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Efficacy and comparative effectiveness of sirolimus as an anticancer drug

Authors

  • Melissa Hu MD,

    1. Department of Otolaryngology–Head and Neck Surgery, Louisiana State University Health Sciences Center, Shreveport, Louisiana, U.S.A
    2. Feist-Weiller Cancer Center, Louisiana State University Health Sciences Center, Shreveport, Louisiana, U.S.A
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  • Oleksandr Ekshyyan PhD,

    1. Department of Otolaryngology–Head and Neck Surgery, Louisiana State University Health Sciences Center, Shreveport, Louisiana, U.S.A
    2. Feist-Weiller Cancer Center, Louisiana State University Health Sciences Center, Shreveport, Louisiana, U.S.A
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  • Lilantha Herman Ferdinandez MD,

    1. Department of Otolaryngology–Head and Neck Surgery, Louisiana State University Health Sciences Center, Shreveport, Louisiana, U.S.A
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  • Xiaohua Rong BS,

    1. Department of Otolaryngology–Head and Neck Surgery, Louisiana State University Health Sciences Center, Shreveport, Louisiana, U.S.A
    2. Feist-Weiller Cancer Center, Louisiana State University Health Sciences Center, Shreveport, Louisiana, U.S.A
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  • Gloria Caldito PhD,

    1. Department of Biometry, Louisiana State University Health Sciences Center, Shreveport, Louisiana, U.S.A
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  • Cherie-Ann O. Nathan MD, FACS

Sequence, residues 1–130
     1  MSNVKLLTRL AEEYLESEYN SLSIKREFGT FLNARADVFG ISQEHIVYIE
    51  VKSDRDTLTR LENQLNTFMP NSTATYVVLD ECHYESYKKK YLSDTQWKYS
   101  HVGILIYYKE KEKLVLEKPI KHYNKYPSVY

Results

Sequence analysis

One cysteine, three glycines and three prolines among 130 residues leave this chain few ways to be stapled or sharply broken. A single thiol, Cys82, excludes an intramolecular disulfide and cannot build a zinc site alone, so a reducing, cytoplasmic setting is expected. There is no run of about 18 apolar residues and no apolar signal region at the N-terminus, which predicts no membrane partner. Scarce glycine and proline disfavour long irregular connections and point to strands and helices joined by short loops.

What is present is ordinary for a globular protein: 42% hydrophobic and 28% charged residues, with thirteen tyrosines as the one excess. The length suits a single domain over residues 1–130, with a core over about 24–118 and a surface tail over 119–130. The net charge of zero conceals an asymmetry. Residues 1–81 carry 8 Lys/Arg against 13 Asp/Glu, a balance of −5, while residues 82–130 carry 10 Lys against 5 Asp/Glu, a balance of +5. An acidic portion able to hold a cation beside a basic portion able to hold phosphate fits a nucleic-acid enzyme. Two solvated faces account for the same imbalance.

Corresponding author
    1. Department of Otolaryngology–Head and Neck Surgery, Louisiana State University Health Sciences Center, Shreveport, Louisiana, U.S.A
    2. Feist-Weiller Cancer Center, Louisiana State University Health Sciences Center, Shreveport, Louisiana, U.S.A
    • Department of Otolaryngology–Head and Neck Surgery, Louisiana State University Health Sciences Center, 1501 Kings Highway, Shreveport, LA 71130-3932
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  • This study was supported by grant no. R01CA102363 from the National Cancer Institute to Dr. Nathan. The content is solely the responsibility of the authors and does not necessarily represent the official views of the National Cancer Institute or the National Institutes of Health. The authors have no other funding, financial relationships, or conflicts of interest to disclose.

Abstract

Objectives/Hypothesis:

To evaluate antitumor efficacy of the generic mammalian target of rapamycin (mTOR) inhibitor sirolimus in preclinical animal models of head and neck squamous cell carcinoma (HNSCC) and compare its effects with those of the patented analogue temsirolimus.

Study Design:

In vivo study.

Methods:

To develop xenograft established tumor model (ETM) of HNSCC, FaDu cells were injected subcutaneously into nude mice. When tumors reached 50 to 60 mm3, mice were randomized into five groups and treated daily intraperitoneally with sirolimus at various doses for 5 days per week for 3 weeks. Tumor volumes were measured. The results were compared with historical data on temsirolimus effects. In the minimal residual disease (MRD) model, surgical wounds were created and FaDu cells implanted. After 72 hours, animals were randomized into two groups and were injected intraperitoneally with 0 or 5 mg/kg sirolimus for 5 days per week for 30 days.

Results:

In the ETM, sirolimus significantly inhibited tumor growth (P < .01), although there was no overall significant difference in tumor growth inhibition between sirolimus and temsirolimus. In the MRD model, sirolimus significantly suppressed growth of tumors (P < .001) and improved survival compared with controls (P < .01). There was a significant decrease in pS6 expression, indicating mTOR inhibition.

Conclusions:

In this study, we demonstrate that the generic mTOR inhibitor sirolimus shows potent antitumor activity in HNSCC and produces comparable effects to the patent drug temsirolimus. Sirolimus has the potential of serving as an economic and comparative targeted agent to temsirolimus in the treatment of HNSCC.

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